Archival Spaces 272
Ulrich Alexander Boschwitz: The Passenger (1939/2020)
Uploaded 25 June 2020
I recently finished reading Ulrich Alexander Boschwitz’s “lost” novel. Der Reisende, published for the first time in German in 2018, and recently republished in English in a new translation as The Passenger, eighty years after its first quickly forgotten appearance; it has been hailed by critics as a masterpiece. A promising young German-Jewish author of 27 years with two novels under his belt, Boschwitz died in 1942, when the troop transport ship he was on was sunk by a German U-Boat, having previously survived a torpedo attack in 1940 en route to Australia. Like the luckless fictional Jewish hero of his novel, who desperately tries to flee Nazi Germany in the days after the November 1938 Pogrom, an event the Nazis-called Reichskristallnacht, Boschwitz could apparently not escape his fate.
The novel opens in the Berlin home of Otto Silbermann on the night of 9 November, when Nazi brown shirts, the Sturmabteilung (S.A.), try to break into his flat and arrest the middle-class businessman, just as thousands of other German Jews were arrested and beaten all over Germany. Leaving his Christian wife behind, Silbermann escapes out the back door, and after meeting his “Aryan” business partner who has bought the business for a tiny fraction of its actual value, – a process the Nazis termed “Aryanization” – gets on a train without a destination in mind. He tries unsuccessfully to cross the border illegally into Belgium with 40,000 Reichsmarks in his possession, – another crime, given the prohibition for Jewish citizens against taking any money out of Germany, – and spends the rest of the novel traveling by train from one place to another, eventually ending back in Berlin.
Silbermann is not only a completely assimilated German citizen of Jewish ancestry, he does not look “Jewish” and can therefore pass among both anti-Semites, Nazis, and ordinary, non-political Germans. It is this ability to move freely among the “Wolfmen,” as Curt Siodmak called the Nazis that had kept Silbermann from emigrating sooner, as his son had and now leads him to reproach himself obsessively for not seeing the writing on the wall, for not rescuing his capital sooner, for abandoning his wife, for not trying to attempt another border crossing. But he had served patriotically in World War I on the Western Front, and like many middle-class German Jews, he took pains not to call attention to his Jewishness. As time goes on, Silbermann becomes not only more and more frustrated, but also thin-skinned, even aggressive. When he meets an old Jewish business associate back in Berlin, he accuses the friend of putting him in danger, because Löwenstein looks Jewish. When he meets a sympathetic woman on a train, who makes clear to him she is not an anti-Semite, he verbally abuses her. “You look so irritated. I can understand that, but you should know I have nothing to do with all that. I’m not an anti-Semite. And if you were?, he said sharply. What would it change?” He even retorts aggressively to a German police official who is trying to find an excuse not to arrest him.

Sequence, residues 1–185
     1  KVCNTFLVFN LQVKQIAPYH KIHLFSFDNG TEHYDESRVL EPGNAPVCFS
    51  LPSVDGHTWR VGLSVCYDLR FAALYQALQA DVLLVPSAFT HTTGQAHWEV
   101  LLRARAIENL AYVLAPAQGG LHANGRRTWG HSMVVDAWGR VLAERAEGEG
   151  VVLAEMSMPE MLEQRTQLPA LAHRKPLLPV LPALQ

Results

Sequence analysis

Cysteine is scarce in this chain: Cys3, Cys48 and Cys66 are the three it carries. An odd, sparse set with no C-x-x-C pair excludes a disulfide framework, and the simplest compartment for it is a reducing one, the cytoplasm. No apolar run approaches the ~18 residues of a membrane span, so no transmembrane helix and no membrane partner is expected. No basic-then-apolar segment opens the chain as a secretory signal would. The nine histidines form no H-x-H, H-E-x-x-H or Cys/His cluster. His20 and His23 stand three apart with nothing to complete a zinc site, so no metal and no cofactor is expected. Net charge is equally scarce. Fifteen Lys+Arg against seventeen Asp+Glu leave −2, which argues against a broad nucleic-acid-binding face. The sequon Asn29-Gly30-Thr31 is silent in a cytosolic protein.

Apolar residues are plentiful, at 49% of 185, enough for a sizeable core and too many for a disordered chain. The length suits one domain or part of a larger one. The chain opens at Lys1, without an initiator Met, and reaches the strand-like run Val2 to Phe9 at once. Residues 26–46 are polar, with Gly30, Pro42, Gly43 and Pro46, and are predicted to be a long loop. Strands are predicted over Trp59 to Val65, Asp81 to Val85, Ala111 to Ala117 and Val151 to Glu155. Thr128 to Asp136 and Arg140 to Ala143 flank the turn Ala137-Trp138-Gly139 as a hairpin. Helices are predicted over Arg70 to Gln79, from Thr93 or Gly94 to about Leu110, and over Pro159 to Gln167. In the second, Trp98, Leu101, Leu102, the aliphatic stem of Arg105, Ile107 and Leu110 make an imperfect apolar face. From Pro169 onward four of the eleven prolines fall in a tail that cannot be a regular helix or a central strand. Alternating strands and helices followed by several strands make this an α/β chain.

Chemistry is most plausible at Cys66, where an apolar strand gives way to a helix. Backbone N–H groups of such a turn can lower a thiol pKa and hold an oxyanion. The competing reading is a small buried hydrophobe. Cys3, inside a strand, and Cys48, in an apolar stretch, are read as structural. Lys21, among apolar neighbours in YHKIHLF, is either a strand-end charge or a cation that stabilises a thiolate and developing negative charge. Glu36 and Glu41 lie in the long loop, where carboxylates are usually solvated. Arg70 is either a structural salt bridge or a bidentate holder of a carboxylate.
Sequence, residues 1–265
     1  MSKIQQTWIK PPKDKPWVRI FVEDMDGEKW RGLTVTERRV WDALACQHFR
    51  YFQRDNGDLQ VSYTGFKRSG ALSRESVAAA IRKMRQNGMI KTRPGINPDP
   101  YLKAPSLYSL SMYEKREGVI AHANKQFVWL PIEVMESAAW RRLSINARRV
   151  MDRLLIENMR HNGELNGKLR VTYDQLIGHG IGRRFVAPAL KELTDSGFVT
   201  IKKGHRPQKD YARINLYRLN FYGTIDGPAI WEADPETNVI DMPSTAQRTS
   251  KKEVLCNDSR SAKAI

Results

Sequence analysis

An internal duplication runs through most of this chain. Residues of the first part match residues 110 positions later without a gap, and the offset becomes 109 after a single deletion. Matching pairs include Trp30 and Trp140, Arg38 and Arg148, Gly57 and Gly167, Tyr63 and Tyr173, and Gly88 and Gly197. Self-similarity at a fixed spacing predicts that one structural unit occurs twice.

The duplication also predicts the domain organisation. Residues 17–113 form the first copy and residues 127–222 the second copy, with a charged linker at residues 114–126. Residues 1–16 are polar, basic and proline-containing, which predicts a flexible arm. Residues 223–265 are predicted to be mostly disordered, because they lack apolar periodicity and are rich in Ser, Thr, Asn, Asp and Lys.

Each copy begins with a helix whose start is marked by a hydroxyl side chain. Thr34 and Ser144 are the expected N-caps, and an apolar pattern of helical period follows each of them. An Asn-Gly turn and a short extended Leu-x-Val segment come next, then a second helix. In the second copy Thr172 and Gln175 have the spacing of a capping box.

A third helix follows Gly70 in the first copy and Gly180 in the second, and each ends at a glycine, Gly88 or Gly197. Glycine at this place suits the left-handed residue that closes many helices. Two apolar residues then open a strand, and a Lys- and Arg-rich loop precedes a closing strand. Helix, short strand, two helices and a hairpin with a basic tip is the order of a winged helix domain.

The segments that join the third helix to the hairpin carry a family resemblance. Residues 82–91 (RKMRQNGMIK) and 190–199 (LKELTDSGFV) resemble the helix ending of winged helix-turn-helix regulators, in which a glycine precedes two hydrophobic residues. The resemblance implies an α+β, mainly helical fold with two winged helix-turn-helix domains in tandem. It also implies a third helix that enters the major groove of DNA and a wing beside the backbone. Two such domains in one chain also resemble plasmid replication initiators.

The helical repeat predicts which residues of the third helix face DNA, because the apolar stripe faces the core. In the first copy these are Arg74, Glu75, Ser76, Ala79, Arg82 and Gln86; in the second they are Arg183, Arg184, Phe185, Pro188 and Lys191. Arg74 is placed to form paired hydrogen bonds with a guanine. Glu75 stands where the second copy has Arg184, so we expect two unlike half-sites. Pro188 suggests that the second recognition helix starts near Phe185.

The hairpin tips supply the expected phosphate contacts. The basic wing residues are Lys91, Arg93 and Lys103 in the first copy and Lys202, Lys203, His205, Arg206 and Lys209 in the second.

I’ve read dozens of novels, written by exiled German Jewish writers in my decades of research on German refugee filmmakers from Nazi Germany after 1933, but seldom have I read a writer who described the pain, suffering, disappointment, humiliation, and betrayal, as well as Boschwitz, himself a German citizen of Jewish ethnicity who was thoroughly assimilated, and even baptized. In fact, Boschwitz wrote the novel in one month immediately after the November Pogrom. It was published in Sweden and England under the title The Man Who Took Trains.
Boschwitz did escape and went to England, where his mother was already residing, but was arrested and deported as an enemy alien to Australia by Winston Churchill’s government. On 10 July 1940 2,542 detainees, almost all of them Jewish, anti-Nazi Germans, Austrians, and Italians, were loaded onto the HMT Dunera, where they were beaten, abused, and robbed by British military guards before arriving in Australia 57 days later. The ship was torpedoed twice, but one bomb was a dud, while the second narrowly missed the hull. Among the ship’s passengers were many famous refugee scientists, artists, and intellectuals. Boschwitz spent two years in an Australian internment camp, was then allowed to make the perilous journey back to England, if he enlisted. In his luggage was a revised version of the novel he hoped to republish, having previously sent revisions of the first 109 pages. He died on 29 October 1942, when the M.V. Abosso was sunk by a German torpedo 620 miles north of the Azores.
In the postwar German Federal Republic, no one was interested in publishing Boschwitz’s novel, although none other than Heinrich Böll (Group Portrait with Lady) tried in vain to convince a publisher. Not until Peter Graf, the editor of Der Reisende, found the German manuscript in 2015 in the “Exile Archive” of the German National Library in Marbach was The Passenger discovered.